Northern California Record

Friday, November 22, 2019

In seeking to reverse $2 billion jury verdict, Monsanto says plaintiffs' counsel misconduct was 'egregious and rampant'

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By Rich Peters | Jul 10, 2019

K. Lee Marshall, attorney for Monsanto

OAKLAND – Monsanto bolstered its argument that a jury trial resulting in a $2 billion verdict in May was tainted by misconduct in briefs filed Tuesday calling for a new trial or judgment notwithstanding verdict (JNOV).

The new filings support last month’s post-trial motions in the case of Alva and Alberta Pilliod, the Bay Area couple that claims that Roundup was a substantial factor in causing their non-Hodgkins lymphoma (NHL).

In seeking a new trial, Monsanto identifies what it believes was improper conduct by the Pilliods' legal team.

“First…the misconduct was egregious and rampant,” states the brief filed in Alameda County Superior Court. “Second, the misconduct persisted despite sustained objections and repeated admonishments from the Court. Even Plaintiffs admit the Court had to ‘rein in Counsel when he got heated during rebuttal.’ Third, the atmosphere of the trial was unnecessarily theatrical, with celebrity appearances in the courtroom and counsel’s dramatic demonstrations in which he pretended to be fearful of a Roundup bottle that he knew only contained water. Finally, counsel’s misconduct actually prejudiced the jury, as demonstrated by the excessive punitive damage verdict, which bears no relationship to the evidence or the compensatory damages.”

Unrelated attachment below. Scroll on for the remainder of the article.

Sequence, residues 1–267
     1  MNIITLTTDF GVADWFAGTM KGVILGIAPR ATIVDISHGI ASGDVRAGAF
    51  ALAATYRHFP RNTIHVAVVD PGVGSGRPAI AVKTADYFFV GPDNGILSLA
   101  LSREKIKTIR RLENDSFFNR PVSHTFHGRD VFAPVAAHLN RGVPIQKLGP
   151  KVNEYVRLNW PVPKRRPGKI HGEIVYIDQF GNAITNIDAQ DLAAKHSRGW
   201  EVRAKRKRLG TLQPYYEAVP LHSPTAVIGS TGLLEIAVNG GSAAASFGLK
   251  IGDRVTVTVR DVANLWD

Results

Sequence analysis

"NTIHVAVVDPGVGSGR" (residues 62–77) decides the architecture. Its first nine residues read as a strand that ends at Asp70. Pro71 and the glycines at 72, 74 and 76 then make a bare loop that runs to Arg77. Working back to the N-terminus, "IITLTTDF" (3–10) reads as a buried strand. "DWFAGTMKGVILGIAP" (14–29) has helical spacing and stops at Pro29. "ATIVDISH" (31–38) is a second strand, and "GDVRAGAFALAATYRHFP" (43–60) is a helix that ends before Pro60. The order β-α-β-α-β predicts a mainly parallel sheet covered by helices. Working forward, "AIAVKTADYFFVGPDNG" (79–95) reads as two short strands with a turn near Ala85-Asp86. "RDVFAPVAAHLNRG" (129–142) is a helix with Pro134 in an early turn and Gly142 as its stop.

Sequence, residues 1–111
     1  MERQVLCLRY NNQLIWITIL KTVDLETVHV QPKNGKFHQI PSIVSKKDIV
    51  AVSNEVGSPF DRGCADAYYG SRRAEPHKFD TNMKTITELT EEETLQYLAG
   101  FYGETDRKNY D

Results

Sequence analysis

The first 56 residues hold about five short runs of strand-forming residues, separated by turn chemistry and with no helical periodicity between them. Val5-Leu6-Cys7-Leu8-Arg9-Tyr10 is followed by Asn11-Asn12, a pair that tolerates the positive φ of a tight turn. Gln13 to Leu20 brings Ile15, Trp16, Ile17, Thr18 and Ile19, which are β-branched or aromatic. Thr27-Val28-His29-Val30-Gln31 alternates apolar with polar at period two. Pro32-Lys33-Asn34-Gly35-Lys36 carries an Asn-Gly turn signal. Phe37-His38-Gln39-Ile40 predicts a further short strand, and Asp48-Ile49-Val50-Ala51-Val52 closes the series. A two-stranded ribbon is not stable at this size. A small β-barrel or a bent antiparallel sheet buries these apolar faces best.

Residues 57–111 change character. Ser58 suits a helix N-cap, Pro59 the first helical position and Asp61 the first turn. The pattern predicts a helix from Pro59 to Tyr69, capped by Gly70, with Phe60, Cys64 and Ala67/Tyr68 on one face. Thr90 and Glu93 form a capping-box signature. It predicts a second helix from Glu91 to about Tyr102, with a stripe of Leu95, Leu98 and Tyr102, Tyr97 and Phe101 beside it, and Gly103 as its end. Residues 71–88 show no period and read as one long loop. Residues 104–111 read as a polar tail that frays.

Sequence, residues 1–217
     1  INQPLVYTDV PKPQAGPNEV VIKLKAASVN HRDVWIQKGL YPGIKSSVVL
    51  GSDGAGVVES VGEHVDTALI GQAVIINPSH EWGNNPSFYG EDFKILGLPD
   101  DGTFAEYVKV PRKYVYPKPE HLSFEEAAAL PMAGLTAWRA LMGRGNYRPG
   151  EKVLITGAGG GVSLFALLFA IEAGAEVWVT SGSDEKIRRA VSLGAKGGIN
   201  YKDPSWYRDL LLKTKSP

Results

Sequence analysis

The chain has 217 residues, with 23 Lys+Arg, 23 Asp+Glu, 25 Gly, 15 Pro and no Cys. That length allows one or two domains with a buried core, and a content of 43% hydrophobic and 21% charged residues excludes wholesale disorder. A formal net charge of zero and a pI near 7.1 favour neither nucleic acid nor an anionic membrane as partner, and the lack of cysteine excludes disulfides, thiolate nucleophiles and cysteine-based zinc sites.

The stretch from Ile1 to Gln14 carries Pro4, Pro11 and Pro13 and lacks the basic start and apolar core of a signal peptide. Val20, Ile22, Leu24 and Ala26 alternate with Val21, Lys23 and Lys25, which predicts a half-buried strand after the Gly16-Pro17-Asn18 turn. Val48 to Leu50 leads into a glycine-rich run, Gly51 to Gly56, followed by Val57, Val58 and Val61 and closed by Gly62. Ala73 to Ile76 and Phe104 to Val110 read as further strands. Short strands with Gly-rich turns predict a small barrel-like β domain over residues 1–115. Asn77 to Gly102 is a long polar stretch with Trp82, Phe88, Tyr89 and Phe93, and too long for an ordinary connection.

Additionally, the brief touches on how Monsanto believes the damages awarded are “unsupported, excessive and unconstitutional.”

“Arguing that these noneconomic awards should be sustained, Plaintiffs take the position that any noneconomic award is per se appropriate in a personal injury case and that the court should entirely defer to the jury’s verdict,” the brief states.

“Plaintiffs tellingly ignore the direct, on-point authority discussed at length in Monsanto’s brief and which rejects their stance, despite citing the case for other issues throughout their brief.”

In the meantime, Monsanto challenges a separate $80 million verdict reached in March in federal court in San Francisco arguing recently that in post trial proceedings it witnessed a juror hugging the plaintiff. In a motion the company filed on Monday, it says that same juror - #5 - wrote a letter to presiding Judge Vincent Chhabria urging him to uphold the verdict.

Bayer, which purchased Monsanto last year, continues to stand behind its product’s safety.

“We continue to believe strongly in the extensive body of reliable science that supports the safety of Roundup and on which regulators around the world continue to base their own independent and favorable assessments including EPA’s determination at the end of April that glyphosate is not carcinogenic,” the company recently said in a statement.

After the Pilliod verdict, a Bayer spokesperson told the Northern California Record, “The verdicts do not reflect the evidence presented in the case. Instead, they reflect deep passion and prejudice borne from plaintiffs’ counsel’s improper argument rested on inflammatory, fabricated and irrelevant evidence that should have been excluded.”

More than 13,000 plaintiffs nationwide have filed similar lawsuits claiming that Roundup is linked to their cancer.

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